Botulism contains one of the strongest toxins known to man--one milligram is enough to kill a horse weighing over 454kg. This frightening disease often arises when a baling machine traps dead animal parts in a bale of hay fed to horses. The resulting bacterial illness can wreak havoc on a horse owner's emotions and budget. However, scientists have developed a vaccination aimed at preventing it.
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Threat of Botulism in Horses
Horses have a higher susceptibility to botulism than other domesticated animals such as pigs or cows. Contamination of feed with an anaerobic bacteria called clostridium botulinum causes the disease. This bacteria forms in rotting flesh, and more rarely in plants, which then get raked and baled with hay. Then, according to the Canadian Ministry of Agriculture, if a farmer bales the hay too wet or stores it in a silo, the bacteria multiply. Finally, when the horse ingests the bacteria, it consumes toxins that interfere with the transmission of signals between nerves and muscle. In some rare cases, a foal under eight months might grow the bacteria in its intestine, or a horse might become infected through a wound.
Symptoms of Botulism
A horse can develop symptoms anywhere between several hours to 10 days after it ingests the clostridium botulinum. Horses with botulism usually show muscle tremors, which is why the disease is sometimes called "the shakes." Other symptoms include general weakness, loss of muscle control in the tongue, inability to eat because of drool, poor eyelid and tail tones and stiff walking stride. Death often results from respiratory muscle paralysis. However, symptoms of botulism resemble those of encephalitis, rhinovirus, and West Nile virus and only a mouse toxin assay can detect the contaminant and positively diagnose a horse.
Expense of Treatment
Treating botulism in horses is expensive and unsure. The New Bolton Center at the University of Pennsylvania offers an antitoxin that works against all types (A-E), but this antitoxin costs £1,950. Furthermore, the survival rate with antitoxin, and 24-hour hospital care, is still only about 70 per cent, says Ken Marcella, D.V.M. This means that preventive care through correct feed storage and vaccination remains the most cost-effective measure.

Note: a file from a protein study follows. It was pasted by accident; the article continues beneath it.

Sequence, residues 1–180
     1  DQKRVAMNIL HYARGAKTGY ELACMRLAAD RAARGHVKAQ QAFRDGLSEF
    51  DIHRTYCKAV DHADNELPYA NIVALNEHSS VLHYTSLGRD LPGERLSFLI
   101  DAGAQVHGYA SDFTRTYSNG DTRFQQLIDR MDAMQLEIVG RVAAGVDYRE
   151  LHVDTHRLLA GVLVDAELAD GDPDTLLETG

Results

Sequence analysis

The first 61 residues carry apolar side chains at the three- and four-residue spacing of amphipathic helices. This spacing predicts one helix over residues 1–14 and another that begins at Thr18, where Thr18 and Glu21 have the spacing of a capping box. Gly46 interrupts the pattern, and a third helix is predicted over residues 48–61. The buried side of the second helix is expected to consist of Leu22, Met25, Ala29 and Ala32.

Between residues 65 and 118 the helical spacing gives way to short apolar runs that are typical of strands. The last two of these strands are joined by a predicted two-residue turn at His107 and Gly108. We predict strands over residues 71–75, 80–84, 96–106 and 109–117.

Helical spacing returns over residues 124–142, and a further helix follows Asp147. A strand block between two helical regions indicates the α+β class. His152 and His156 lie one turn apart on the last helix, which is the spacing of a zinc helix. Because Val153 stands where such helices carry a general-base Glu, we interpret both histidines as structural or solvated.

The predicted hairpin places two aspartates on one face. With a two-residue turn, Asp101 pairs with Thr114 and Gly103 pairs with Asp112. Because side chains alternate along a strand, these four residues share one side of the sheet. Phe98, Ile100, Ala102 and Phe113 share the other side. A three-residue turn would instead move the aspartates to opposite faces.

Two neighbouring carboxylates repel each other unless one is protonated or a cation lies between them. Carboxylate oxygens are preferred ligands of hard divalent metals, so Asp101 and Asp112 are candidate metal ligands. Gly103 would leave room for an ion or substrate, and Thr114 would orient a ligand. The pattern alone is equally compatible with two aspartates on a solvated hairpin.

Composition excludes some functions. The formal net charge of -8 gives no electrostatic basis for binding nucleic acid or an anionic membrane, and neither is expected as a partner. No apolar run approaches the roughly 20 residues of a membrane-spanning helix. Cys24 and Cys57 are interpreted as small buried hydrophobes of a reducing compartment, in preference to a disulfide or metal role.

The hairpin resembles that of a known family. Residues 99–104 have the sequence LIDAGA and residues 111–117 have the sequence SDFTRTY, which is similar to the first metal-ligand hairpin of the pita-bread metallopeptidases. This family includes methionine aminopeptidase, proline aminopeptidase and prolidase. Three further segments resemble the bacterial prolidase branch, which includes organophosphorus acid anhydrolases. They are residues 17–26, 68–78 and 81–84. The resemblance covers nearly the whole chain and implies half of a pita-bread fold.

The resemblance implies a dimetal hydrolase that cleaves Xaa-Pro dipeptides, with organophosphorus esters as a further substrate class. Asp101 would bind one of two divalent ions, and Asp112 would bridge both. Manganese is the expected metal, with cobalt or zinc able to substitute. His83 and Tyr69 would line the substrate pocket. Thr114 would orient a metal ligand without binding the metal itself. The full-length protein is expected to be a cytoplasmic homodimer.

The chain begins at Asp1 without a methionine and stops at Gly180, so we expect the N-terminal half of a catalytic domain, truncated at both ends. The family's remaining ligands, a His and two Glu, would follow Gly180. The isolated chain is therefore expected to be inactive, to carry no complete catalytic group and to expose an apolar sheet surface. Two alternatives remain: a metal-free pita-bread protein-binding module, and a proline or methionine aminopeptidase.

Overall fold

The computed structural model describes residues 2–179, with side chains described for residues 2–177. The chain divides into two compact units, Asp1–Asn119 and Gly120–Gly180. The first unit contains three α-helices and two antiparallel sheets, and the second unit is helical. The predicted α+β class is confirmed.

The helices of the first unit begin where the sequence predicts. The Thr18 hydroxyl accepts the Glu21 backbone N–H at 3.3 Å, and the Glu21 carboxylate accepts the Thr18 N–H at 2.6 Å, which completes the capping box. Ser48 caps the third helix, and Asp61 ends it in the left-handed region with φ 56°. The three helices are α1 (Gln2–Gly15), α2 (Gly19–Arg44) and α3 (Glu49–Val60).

The Botulism Vaccine
A botulism vaccine for horses comes from a "toxoid" which is a form of the toxin, botulinum, that normally causes the disease. Manufacturers create this alternate form that does not have the power to make the horse ill but does illicit an immune system reaction. Injecting the horse with the vaccine teaches its body to attack any future real toxins it might encounter. As type "B" botulism is the most common type in the United States (85 per cent of cases), the current vaccine available, BotVax B, addresses this strain.
Dosage of the Vaccine
According to its manufacturer, Neogen Corporation, the first botulism vaccine comprises a series of three 2ml doses, with each shot administered one month apart. Each horse should then also receive a yearly booster injection to keep the vaccination current. Dr. Marcella also advises that mares be given the vaccine 30 days before their due dates so they will pass on protection from botulism to their foals. Foals can then get shots as young as two weeks of age.
The only major side effect of the botulism vaccine for horses is a rare occurrence of anaphylaxis, or shock. It is important to discuss this possibility with the vet before having her administer the injection. Minor reactions might include local tissue reaction, heat and slight swelling. Certain geographic areas, including the northeast Ohio Valley, the mid-Atlantic states, and the Northeast have seen higher incidences of botulism and, therefore, horse owners in these areas should take this larger risk into consideration when thinking about vaccinating their horses. Cold, wet winters and travel to shows and sales also increase the risk for botulism and play a factor in deciding whether or not to vaccinate.
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